Part 2: Are These "Healthy Products" Really Healthy?
Continuing our debunking of ‘health food’, we asked our community for feedback around products you were curious about and whether they were fads, fiction or fruitful to our health. From gluten-free flours, kids snacks to coconut waters, if you listed it, we looked at it! Let’s get started.
If you missed Part 1, you can catch up here.
1. Protein Breakfast Bars
We’ve all been told that breakfast is the most important meal of the day, which is why it’s important to start with a healthy and nutritious meal. For some of us, that's not always a possibility with our busy lives leaving us to look to grab-and-go alternatives, including breakfast bars. So what's the verdict? While they might be a healthier alternative for someone who might be otherwise reaching out for a doughnut, many of the products on the market are packed full of sugar and dressed up with a little protein powder. Check the label and look for bars that contain simple ingredients, natural ingredients.
2. Salad Dressings
No one likes a sad salad, and spicing up your leafy greens seems simple with store-bought dressings ready to pour. However, many of these products are disguising high amounts of saturated fat, calories, sodium, and added sugar. The standard serving size for salad dressing is 2 tablespoons, which can contain huge amounts of unhealthy ingredients. It’s important to keep a lid on your sodium and saturated fat intake, as it could result in driving up your cholesterol and lead to blockages in arteries. The verdict, watch out for store-bought dressings, or why not try making your own? Check out our homemade healthy salad dressing recipes here!
3. Low-Fat Fiction
It used to be that low-fat or no-fat products we’re the sure-fire solution to keeping off the curves. Unfortunately, this misguided information was coined (literally) by marketing companies who enticed consumers, with their percentages and slogans, to purchase a new range of healthy alternatives. What many didn’t realize was that these low fat processed foods replaced the animal fats with unsaturated vegetable oils, and those oils have to be altered to keep a solid or semi-solid structure. These man-made hydrogenated fats increase levels of dangerous trans-fats which are both bad for the heart and cholesterol. If that wasn’t enough, sometime fat-free is also taste-free! Our solution, eat real, whole food and read the label. If it’s too good to be true, it generally is.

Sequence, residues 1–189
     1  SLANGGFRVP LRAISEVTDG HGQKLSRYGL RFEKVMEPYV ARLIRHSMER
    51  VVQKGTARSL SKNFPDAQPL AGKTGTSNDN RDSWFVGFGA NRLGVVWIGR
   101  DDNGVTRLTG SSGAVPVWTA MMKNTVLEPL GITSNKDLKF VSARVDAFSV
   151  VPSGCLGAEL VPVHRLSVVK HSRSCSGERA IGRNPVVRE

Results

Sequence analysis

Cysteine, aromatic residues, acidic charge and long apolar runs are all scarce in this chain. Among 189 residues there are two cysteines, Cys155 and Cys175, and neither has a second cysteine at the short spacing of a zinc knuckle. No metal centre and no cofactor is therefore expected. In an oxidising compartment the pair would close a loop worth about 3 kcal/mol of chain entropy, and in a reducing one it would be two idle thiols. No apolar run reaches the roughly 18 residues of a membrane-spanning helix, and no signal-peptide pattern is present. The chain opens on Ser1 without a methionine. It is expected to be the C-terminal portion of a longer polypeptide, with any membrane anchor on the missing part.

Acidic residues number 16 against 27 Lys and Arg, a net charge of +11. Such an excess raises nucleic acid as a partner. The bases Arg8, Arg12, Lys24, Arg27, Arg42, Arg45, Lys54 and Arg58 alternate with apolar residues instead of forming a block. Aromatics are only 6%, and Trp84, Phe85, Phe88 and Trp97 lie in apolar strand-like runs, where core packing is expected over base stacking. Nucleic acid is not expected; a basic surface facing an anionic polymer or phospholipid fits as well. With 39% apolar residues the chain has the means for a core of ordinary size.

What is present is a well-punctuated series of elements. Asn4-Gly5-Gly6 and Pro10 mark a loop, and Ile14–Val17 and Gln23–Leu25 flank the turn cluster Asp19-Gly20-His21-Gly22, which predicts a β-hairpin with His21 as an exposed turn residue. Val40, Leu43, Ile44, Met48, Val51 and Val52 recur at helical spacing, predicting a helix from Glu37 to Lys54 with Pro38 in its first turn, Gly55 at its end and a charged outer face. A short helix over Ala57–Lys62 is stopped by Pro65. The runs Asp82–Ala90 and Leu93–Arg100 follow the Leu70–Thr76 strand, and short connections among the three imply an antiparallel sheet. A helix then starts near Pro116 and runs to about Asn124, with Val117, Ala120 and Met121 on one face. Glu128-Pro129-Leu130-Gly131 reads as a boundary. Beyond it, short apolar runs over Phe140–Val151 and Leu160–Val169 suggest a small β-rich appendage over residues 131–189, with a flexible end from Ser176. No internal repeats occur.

4. Gluten-Free Baked Goods and Flours
Gluten-free diets were designed for people suffering from a sensitivity or intolerance to gluten. Now, many people without this condition are 'going gluten-free' because they believe it is a healthful option and many more processed products are popping up in stores and cafes with the ‘gluten-free’ tag. What many ‘gluten-free’ dieters don’t realize, is that many GF products, specifically baked goods, are substituted by refined grains and stabilizers, potentially leaving you with a loaf of harmful chemicals. Most gluten-free baked goods are also full of sugar; remember, just because it’s a gluten-free cake doesn’t mean it’s healthy. It’s still cake. So eat in moderation, but better yet make your own gluten-free food to know exactly what’s going in it. Still be sure to check the ingredients label when you’re purchasing flours such as cauliflower flour, chickpea flours, and other alternatives so you can avoid unnecessary fillers.
5. Kids Snacks
Navigating the supermarket aisles, and identifying healthy snacks from sweets can be exhausting - especially trying to find a compact healthy alternative for your children. From string cheese to Duplo-sized energy bars (that cost more than a coffee) to cheesy crackers and cheerios, the list is exhausting, and reading every label can be too! While pre-packaged lunch items can be convenient, they more often than not are sugar-filled and void of much nutrition - not the ingredients for a great day of learning for young children. We believe it’s best to fill the lunch boxes with fruit, vegetables and a homemade savory that you can meal prep on weekends.
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